In this article, I use research on the lesbian fans of US women’s professional basketball (WNBA) to outline how a set of exclusive cultural politics (re)produces a curious form of self‐regulation amongst target consumers. I link leisure geographies and geographies of sexuality through an analysis of lesbian visibility to examine the ways that identity performance is shaped by the implicit cultural politics at work in WNBA arenas. I use Kenji Yoshino’s adoption of Erving Goffman’s term ‘covering’ to discuss the ways that normative ideologies are reinforced by management‐driven practices and by the self‐circumscribing practices of some lesbian fans. I show that covering is noteworthy as both an effect of marginalisation and as a mandate that encourages lesbian fans to reproduce the dominant discourse at work in WNBA arenas. I argue that act of covering illustrates the material effects of normative power relations and the ways that these effects are understood to be a natural outcome of an apolitical economic logic instead of the result of the decidedly political process of spatial production. I contend that attempts to cover give lesbian fans a false sense of power to regulate the reception of their bodies and their enactments of normativity.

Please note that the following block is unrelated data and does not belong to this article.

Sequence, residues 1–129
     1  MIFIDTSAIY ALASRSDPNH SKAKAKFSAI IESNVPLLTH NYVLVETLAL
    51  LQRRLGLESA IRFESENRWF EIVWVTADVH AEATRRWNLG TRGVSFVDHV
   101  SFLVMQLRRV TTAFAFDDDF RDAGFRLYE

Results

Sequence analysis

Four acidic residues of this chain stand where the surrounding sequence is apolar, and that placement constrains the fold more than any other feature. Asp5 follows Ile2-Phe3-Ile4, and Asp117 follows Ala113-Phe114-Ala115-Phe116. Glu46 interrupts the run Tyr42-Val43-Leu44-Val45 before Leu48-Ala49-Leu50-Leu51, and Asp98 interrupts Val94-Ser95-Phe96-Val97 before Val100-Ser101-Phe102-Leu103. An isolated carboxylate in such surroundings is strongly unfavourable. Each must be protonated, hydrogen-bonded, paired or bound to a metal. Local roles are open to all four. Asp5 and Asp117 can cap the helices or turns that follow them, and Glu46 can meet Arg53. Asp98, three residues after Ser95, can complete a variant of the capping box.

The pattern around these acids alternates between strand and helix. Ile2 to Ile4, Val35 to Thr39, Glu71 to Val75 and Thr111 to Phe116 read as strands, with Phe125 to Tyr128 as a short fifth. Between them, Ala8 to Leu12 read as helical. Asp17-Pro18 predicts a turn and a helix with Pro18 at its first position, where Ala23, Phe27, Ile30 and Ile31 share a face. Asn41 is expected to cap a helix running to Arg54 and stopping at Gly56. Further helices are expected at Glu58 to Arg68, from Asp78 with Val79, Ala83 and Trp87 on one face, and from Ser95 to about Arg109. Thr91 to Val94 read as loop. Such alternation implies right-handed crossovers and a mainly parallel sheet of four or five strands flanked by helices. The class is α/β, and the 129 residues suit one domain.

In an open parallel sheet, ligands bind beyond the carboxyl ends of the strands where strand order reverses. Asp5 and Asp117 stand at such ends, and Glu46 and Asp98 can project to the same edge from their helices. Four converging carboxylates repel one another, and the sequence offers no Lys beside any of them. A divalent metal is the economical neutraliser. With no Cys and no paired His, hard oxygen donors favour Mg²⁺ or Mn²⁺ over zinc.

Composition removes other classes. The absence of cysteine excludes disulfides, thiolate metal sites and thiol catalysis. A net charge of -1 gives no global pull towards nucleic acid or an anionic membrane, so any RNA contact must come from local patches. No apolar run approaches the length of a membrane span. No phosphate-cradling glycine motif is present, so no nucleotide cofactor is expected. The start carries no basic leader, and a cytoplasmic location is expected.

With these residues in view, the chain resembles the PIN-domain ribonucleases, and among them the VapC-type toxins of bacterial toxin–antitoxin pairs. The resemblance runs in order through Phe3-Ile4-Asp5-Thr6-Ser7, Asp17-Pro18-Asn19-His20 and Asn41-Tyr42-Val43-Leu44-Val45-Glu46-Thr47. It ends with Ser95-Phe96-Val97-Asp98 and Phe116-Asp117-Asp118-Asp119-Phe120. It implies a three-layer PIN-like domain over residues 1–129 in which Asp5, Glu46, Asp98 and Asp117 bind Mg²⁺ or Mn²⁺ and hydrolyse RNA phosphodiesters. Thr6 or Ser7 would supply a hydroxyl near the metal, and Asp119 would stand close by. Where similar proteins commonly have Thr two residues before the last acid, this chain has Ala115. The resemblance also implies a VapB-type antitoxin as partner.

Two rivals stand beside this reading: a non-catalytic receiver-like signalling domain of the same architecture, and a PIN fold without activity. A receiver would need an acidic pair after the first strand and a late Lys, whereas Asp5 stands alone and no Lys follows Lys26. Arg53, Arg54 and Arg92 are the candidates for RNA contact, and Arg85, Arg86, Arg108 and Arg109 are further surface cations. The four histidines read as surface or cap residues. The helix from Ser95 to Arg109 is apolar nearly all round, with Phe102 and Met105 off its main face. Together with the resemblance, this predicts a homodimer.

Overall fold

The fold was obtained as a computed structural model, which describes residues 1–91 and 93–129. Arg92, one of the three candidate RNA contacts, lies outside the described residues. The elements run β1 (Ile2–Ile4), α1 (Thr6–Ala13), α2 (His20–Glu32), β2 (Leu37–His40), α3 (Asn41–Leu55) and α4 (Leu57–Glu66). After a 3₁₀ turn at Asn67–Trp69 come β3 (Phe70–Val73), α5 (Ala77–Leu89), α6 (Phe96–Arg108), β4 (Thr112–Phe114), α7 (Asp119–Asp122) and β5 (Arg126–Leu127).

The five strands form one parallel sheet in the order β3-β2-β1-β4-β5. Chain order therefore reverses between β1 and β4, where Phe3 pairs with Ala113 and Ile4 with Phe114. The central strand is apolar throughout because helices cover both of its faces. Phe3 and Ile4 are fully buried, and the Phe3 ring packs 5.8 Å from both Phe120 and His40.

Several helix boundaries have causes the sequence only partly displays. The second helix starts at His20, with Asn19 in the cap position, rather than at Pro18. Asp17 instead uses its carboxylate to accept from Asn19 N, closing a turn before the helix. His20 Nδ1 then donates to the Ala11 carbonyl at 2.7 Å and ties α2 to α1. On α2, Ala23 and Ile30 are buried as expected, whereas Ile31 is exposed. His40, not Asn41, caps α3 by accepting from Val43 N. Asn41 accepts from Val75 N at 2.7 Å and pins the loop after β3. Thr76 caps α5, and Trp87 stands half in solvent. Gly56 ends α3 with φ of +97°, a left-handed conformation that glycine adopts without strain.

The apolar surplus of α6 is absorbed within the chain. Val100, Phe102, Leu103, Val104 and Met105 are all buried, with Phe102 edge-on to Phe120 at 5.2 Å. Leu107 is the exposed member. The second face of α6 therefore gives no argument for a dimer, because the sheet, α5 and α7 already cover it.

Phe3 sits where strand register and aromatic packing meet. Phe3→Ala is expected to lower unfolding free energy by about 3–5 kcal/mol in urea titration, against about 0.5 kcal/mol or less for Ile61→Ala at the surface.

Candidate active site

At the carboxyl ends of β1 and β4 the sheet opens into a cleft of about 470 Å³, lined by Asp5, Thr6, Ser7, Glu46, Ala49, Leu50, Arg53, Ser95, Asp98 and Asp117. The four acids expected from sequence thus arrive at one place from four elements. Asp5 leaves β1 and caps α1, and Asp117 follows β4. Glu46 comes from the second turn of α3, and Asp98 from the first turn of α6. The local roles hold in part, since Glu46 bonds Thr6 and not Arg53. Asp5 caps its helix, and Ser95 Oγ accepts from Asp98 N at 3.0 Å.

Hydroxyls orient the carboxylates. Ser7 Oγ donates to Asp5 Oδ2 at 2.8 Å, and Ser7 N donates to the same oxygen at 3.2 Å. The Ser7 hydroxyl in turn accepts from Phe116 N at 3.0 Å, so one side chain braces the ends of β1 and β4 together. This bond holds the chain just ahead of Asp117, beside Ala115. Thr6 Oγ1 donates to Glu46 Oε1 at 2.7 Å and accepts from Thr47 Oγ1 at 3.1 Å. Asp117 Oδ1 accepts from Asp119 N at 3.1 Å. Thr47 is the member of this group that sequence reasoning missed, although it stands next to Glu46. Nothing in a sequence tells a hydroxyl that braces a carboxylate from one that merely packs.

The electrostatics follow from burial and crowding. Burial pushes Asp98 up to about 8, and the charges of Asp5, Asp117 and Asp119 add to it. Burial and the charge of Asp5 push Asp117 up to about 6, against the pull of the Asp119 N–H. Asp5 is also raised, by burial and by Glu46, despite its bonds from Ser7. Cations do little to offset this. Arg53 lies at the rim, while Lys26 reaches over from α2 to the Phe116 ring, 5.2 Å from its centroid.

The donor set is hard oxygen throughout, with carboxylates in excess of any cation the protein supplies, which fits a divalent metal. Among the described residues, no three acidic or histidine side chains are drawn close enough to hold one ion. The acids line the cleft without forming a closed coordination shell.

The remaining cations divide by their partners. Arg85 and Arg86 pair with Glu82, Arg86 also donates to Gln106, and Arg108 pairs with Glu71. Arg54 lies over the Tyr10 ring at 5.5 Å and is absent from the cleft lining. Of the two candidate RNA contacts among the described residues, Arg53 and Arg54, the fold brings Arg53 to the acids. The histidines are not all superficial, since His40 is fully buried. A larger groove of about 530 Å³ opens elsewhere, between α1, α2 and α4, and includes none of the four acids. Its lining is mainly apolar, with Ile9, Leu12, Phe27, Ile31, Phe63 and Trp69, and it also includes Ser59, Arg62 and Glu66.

This paper explores the investment in the discursive and spatial construct of ‘lesbian community’. This ‘community’ is identifiable through the social spaces of the Women's National Basketball Association (WNBA), where sport and community are connected descriptively and interpretively. To do so, this paper discursively examines fan comments that define WNBA spaces as sites of community. This conversation is situated within the material and discursive context of these spaces, which are continuously remapped as heteronormative by the WNBA. Consequently, this paper concludes that uses of ‘lesbian community’ discourse within heteronormatively coded spaces points to a key strategy of creating safe spaces in an oppressive social climate. Moreover, ‘community’ discourse can be read as an assertion of empowerment in a time and place when lesbian spaces have been integrated and sometimes dissolved into the urban landscape, and when there is no clearly identifiable ‘lesbian space’.